The idea is that in the 60s with all this amazing music coming out from bands like The Beatles, The Rolling Stones, The Yardbirds, The Who, The Kinks and so on and so forth, there was actually very little played on the radio. Except from pirate radio stations like this one, which was set up on a freighter. Now, the movie isn’t based on one specific occurance of pirate radio, though, this did in fact happen and I want to read a book about it. Does anyone have any suggestions?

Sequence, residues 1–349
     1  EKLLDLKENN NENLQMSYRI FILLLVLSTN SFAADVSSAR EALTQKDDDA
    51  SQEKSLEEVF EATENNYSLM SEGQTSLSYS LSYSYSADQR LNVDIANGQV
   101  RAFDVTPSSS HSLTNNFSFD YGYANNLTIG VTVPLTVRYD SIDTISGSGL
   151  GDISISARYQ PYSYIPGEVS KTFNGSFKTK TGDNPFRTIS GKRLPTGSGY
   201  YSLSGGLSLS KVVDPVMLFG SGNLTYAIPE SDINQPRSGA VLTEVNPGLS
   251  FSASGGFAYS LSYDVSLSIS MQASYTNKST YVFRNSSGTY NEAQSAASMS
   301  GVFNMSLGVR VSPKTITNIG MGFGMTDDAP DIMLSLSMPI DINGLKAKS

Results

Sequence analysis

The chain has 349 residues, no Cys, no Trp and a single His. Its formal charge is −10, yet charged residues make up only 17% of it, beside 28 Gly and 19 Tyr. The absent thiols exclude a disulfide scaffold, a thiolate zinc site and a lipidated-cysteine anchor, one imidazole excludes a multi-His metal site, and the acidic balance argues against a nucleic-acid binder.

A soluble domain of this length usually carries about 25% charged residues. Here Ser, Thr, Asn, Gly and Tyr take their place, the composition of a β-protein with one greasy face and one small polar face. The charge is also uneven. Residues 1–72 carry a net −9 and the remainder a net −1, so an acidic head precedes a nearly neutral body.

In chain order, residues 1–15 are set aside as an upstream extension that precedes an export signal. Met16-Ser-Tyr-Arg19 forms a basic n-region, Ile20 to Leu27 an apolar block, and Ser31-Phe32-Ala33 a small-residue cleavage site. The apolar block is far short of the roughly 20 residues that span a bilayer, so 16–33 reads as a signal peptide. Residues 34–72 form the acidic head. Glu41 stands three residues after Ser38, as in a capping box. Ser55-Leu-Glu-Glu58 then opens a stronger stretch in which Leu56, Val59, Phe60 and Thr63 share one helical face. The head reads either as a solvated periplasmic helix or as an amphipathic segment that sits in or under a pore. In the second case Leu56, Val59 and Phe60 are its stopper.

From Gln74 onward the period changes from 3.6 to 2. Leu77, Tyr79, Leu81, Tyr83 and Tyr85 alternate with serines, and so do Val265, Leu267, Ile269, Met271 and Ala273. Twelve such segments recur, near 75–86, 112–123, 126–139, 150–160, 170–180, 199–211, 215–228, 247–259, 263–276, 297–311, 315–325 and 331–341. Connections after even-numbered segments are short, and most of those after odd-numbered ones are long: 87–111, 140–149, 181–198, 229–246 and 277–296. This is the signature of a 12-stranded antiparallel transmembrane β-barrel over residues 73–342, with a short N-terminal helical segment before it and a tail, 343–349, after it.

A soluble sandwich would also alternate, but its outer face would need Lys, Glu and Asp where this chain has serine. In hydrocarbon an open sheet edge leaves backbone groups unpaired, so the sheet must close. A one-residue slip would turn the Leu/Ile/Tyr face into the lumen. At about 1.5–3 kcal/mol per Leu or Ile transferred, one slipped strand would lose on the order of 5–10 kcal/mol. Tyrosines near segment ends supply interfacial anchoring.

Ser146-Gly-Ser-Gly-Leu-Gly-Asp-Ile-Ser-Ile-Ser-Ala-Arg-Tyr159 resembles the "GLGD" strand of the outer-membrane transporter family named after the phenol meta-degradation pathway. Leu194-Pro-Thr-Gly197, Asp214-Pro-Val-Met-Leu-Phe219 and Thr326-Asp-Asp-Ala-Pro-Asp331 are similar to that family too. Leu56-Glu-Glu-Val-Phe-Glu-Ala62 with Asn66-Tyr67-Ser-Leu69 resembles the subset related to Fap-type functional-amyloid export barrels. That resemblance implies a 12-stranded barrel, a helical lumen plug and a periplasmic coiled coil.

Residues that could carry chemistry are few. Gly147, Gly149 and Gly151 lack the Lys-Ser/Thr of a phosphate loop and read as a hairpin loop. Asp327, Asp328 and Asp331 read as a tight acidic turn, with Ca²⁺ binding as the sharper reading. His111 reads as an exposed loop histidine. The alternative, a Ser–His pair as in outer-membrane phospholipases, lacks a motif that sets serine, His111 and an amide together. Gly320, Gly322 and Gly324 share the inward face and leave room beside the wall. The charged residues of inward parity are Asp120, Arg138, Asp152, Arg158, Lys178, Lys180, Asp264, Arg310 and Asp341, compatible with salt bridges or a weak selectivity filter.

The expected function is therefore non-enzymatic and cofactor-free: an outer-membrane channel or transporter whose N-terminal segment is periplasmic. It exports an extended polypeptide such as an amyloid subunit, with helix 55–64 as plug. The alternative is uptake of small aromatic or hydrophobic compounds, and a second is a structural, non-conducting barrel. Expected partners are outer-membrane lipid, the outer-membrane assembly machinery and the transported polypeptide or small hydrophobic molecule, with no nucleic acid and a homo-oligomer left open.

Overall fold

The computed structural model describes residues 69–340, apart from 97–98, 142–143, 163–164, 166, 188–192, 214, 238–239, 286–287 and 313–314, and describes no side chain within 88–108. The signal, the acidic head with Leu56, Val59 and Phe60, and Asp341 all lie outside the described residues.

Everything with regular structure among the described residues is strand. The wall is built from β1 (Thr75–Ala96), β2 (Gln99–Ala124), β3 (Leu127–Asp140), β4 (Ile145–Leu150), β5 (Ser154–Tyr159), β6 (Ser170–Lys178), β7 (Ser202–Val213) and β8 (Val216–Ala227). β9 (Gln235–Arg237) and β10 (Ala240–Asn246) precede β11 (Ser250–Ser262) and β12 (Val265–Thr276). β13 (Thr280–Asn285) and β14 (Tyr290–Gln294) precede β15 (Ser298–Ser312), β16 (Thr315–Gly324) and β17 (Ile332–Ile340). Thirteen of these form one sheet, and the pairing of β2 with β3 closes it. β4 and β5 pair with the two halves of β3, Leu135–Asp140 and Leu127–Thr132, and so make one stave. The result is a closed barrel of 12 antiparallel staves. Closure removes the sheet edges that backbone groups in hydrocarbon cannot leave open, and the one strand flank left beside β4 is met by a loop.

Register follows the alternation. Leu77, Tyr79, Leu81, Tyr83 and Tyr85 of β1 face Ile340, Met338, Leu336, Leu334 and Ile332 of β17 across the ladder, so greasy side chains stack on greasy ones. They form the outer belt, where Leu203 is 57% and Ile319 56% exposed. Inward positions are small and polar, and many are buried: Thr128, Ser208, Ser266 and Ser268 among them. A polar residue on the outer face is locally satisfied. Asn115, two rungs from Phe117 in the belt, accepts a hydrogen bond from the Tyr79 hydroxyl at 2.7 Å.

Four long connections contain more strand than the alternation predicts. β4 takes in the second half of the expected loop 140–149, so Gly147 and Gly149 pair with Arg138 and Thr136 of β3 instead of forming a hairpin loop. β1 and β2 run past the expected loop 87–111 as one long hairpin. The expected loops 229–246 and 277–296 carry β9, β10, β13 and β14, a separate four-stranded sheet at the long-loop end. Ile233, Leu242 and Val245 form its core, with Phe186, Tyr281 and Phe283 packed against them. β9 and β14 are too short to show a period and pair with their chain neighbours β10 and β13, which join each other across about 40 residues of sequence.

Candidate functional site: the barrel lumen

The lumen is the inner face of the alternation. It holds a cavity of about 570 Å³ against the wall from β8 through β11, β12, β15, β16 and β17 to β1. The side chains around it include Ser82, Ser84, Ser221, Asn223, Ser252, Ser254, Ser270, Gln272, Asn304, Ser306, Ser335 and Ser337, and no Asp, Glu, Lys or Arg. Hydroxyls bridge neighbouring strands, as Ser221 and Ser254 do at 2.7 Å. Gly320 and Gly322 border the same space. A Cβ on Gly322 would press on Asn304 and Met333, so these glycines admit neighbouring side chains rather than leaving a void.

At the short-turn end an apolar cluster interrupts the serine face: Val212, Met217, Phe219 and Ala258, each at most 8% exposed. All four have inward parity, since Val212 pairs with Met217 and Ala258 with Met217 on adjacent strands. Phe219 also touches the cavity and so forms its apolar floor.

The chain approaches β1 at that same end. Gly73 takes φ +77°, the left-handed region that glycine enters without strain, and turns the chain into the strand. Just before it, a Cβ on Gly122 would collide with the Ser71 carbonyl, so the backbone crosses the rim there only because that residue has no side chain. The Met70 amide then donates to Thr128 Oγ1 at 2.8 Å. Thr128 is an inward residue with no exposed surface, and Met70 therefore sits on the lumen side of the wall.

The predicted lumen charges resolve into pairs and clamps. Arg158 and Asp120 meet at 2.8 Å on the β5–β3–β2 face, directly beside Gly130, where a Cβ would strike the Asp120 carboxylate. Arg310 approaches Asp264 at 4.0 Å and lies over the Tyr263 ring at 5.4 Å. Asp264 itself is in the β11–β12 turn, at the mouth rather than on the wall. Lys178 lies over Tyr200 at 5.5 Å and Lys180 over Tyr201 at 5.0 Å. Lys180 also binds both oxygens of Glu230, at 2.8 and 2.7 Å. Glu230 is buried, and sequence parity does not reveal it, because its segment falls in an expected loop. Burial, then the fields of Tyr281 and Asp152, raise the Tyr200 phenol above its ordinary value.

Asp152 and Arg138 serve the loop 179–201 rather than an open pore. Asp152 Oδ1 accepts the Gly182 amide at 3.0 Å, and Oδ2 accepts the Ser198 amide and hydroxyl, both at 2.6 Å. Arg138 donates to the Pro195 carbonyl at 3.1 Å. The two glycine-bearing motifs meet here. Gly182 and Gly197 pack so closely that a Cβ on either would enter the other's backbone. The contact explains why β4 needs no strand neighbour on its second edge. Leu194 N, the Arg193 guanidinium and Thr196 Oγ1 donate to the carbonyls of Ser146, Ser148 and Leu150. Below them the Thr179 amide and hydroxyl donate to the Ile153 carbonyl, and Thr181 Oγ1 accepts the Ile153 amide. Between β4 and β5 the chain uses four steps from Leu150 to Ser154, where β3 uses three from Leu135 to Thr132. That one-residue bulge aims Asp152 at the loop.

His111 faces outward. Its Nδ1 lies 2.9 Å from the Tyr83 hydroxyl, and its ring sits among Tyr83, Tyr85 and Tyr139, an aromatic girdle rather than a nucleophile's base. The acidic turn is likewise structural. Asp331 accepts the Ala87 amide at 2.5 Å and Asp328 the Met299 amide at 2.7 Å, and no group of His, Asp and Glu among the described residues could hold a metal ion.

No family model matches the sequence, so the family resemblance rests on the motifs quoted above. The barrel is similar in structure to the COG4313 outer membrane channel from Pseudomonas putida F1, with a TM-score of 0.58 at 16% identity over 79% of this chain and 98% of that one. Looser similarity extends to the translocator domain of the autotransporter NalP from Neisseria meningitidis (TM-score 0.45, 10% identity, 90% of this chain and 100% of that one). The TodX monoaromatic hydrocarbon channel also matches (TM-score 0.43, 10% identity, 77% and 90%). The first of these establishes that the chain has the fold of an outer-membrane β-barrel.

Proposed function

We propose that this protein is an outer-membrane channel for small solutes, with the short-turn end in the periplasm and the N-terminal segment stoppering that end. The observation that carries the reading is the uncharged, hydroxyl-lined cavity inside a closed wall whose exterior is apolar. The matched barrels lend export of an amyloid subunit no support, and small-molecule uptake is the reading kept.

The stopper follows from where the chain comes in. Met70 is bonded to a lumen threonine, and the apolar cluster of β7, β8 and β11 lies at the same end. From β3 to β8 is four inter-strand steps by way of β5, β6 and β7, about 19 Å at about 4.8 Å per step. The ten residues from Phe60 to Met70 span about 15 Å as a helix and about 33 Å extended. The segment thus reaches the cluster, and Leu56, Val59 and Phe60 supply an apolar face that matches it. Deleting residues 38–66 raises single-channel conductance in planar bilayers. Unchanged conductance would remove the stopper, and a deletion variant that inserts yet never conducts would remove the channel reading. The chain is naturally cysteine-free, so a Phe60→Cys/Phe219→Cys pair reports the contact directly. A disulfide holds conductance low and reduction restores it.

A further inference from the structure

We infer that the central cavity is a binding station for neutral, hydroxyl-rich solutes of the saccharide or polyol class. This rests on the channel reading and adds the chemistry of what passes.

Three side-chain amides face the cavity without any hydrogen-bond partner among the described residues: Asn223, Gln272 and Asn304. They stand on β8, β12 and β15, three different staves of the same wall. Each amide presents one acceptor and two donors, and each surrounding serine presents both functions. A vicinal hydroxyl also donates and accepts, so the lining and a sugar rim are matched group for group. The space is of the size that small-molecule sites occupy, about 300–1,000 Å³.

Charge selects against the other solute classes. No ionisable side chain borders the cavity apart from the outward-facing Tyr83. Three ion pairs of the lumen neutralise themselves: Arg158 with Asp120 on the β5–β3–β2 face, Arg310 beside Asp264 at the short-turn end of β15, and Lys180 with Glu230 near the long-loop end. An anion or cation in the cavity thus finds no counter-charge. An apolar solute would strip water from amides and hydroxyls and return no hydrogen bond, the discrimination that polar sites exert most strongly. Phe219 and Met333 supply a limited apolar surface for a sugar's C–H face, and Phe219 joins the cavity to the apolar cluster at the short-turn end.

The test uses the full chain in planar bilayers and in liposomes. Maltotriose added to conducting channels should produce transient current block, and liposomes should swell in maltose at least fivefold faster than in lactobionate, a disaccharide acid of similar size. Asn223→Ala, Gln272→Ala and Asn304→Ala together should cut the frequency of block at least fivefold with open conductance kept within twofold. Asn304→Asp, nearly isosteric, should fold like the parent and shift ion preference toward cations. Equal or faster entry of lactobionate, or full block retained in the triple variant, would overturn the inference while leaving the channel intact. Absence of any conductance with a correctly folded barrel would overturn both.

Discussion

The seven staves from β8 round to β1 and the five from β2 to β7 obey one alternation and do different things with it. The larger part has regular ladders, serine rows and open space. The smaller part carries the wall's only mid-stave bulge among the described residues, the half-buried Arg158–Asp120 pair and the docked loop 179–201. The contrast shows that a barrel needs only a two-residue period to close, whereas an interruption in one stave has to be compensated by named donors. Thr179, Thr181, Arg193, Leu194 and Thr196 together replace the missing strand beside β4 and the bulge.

The plot follows the new guy who says he’s there to get straightened out but is really SPOILER looking for his father who is on the boat. There’s a lot of growing up in the movie, usually the hard kind, as the kid experiences heart break (and blue balls) and nearly every turn. The performances are fantastic all around and the movie really made me want to not only listen to the awesome music the DJs spun, but also be a DJ. It’s a great, fun rock and roll movie that makes you feel like you can still be a kid even when you’re an adult, which definitely hits home for this 27 year old freelance writer who makes his living by spouting off about toys, comics, movies and TV. Yeah, the end kind of comes out of nowhere, but not in a bad way and it turns out to be a good one probably thanks to all the intensity. Definitely check this one out!